British embassy in Manila has denied speculations that the anti-Arroyo bloc is asking Britain to back their call for a change in the government.
British Ambassador to Manila Peter Beckingham made the remark Wednesday at a press conference following reports that he met a number of times with opposition lawmakers from the Senate and Congress, among them House minority floor leader and opposition spokesman Francis Escudero.
"It's a role for a diplomat to do that and the government understands. I had a meeting recently with opposition congressmen and senators certainly not supporting the government. It's not conspiracy talking to members of the opposition," the ambassador said.
Beckingham explained that what took place were merely " consultations "and that it is only normal to "get in touch with the opposition" as part of a diplomat's job.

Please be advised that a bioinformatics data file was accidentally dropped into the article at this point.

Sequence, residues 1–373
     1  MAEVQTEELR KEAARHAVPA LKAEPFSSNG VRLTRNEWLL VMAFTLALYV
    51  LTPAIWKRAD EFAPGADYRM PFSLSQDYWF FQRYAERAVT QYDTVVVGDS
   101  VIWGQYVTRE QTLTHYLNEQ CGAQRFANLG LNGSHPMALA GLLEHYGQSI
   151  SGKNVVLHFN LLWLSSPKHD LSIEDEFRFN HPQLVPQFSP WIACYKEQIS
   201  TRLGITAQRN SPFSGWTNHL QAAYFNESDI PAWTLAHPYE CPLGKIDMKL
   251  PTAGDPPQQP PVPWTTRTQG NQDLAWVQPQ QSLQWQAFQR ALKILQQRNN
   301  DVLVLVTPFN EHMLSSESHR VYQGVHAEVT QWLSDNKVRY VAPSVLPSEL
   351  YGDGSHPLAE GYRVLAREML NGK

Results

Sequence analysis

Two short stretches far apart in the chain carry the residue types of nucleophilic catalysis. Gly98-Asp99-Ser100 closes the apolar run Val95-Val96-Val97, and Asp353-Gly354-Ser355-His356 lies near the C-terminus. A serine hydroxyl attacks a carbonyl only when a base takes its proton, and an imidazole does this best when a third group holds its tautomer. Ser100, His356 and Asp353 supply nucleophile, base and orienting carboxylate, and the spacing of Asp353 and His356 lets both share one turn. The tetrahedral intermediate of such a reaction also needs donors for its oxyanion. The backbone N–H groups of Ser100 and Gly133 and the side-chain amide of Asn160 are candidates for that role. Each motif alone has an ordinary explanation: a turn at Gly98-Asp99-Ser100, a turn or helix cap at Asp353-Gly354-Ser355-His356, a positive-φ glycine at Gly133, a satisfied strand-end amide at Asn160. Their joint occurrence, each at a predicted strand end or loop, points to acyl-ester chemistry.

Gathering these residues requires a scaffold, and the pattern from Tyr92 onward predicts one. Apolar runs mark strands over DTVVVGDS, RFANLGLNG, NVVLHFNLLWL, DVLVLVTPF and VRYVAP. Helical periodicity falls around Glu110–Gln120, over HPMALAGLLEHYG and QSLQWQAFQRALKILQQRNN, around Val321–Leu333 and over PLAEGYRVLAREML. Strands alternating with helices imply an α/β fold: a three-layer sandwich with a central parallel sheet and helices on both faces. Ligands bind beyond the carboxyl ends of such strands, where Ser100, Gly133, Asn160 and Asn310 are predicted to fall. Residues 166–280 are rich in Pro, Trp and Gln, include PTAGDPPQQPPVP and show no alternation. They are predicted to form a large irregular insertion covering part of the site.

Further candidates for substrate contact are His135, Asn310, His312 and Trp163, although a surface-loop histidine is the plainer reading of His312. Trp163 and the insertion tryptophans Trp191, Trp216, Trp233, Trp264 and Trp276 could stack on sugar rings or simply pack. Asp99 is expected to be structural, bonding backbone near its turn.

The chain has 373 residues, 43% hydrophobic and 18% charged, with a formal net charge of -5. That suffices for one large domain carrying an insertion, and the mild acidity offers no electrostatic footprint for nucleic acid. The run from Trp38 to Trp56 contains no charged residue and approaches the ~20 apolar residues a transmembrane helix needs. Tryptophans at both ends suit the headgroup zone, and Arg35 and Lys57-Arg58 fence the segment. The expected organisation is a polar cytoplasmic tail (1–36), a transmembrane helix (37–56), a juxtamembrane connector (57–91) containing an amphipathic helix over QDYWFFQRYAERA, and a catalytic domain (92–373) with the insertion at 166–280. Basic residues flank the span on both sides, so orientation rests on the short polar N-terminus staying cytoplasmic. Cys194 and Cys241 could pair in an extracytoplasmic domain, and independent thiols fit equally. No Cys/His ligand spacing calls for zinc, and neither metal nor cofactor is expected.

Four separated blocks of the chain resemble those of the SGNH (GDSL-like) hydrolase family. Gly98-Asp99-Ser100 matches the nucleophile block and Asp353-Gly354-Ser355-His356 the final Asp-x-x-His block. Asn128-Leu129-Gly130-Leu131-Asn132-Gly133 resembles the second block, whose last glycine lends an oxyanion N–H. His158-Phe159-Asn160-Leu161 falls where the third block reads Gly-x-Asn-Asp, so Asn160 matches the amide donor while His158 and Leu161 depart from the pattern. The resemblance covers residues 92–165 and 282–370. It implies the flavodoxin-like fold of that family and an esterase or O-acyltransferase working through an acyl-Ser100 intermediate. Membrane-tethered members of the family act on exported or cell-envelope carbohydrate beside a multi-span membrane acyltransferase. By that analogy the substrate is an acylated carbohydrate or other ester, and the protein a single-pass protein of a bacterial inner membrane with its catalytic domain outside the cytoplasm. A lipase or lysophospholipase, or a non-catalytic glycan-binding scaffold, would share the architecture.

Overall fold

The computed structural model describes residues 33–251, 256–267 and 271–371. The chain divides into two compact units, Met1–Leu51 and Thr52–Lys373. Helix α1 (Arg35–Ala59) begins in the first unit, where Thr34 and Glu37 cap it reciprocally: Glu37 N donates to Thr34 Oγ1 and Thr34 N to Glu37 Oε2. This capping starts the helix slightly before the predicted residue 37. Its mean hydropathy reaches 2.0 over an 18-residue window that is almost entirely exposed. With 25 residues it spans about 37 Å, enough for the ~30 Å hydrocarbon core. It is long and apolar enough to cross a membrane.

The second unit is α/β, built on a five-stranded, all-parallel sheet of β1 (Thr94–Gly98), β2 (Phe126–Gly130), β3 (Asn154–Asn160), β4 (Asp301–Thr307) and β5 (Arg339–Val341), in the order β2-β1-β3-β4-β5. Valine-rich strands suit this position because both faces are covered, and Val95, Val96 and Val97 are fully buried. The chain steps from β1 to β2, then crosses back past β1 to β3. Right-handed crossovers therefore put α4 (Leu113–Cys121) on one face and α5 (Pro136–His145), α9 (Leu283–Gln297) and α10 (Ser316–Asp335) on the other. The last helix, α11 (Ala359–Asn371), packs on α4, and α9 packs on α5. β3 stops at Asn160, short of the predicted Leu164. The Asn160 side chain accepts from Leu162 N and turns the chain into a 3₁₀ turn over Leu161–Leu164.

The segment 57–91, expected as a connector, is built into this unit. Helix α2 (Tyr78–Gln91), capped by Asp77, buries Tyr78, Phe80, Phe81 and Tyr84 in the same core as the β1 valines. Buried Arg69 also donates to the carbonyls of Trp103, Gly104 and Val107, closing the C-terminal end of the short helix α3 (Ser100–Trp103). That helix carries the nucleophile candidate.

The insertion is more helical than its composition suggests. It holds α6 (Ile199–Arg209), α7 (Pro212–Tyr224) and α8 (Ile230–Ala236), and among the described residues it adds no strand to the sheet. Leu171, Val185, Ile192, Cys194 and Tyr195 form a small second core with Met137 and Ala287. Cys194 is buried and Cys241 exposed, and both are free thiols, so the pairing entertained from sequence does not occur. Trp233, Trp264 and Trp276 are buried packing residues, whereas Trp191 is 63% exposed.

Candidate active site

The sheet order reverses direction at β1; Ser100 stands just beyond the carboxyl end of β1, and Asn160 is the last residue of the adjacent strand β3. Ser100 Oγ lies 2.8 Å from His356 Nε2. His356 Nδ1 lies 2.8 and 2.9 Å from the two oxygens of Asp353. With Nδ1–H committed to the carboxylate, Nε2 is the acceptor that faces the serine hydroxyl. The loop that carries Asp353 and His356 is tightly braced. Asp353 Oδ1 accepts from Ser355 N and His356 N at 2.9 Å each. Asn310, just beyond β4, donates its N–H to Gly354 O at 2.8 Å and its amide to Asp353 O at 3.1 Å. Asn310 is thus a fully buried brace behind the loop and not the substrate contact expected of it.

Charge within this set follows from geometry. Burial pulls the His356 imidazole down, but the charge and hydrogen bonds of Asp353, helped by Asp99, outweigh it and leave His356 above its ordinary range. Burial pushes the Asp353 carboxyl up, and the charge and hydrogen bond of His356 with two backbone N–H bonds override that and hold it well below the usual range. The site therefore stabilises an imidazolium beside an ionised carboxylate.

He also stressed that Britain has no business interfering in the domestic affairs of the Philippines.
"That's a normal process. There's no conspiracy about it and we 're pretty open about it," he said.
At the same time, Beckingham noted that Britain is against the use of violence and unconstitutional means as measures to bring about change in the government.
"We'd not likely go outside the constitutional process and we don't talk to people like rebel movements and terrorist groups," he said as calls mount for President Gloria Macapagal-Arroyo's resignation over her alleged involvement in vote fraud and talks of an impending military coup by disgruntled members of the Armed Forces of the Philippines.
Beckingham said the British government still believe that President Arroyo and her economic team are strong. "We have total confidence in the economy that it is going the right direction and nothing will blow off that direction," he said.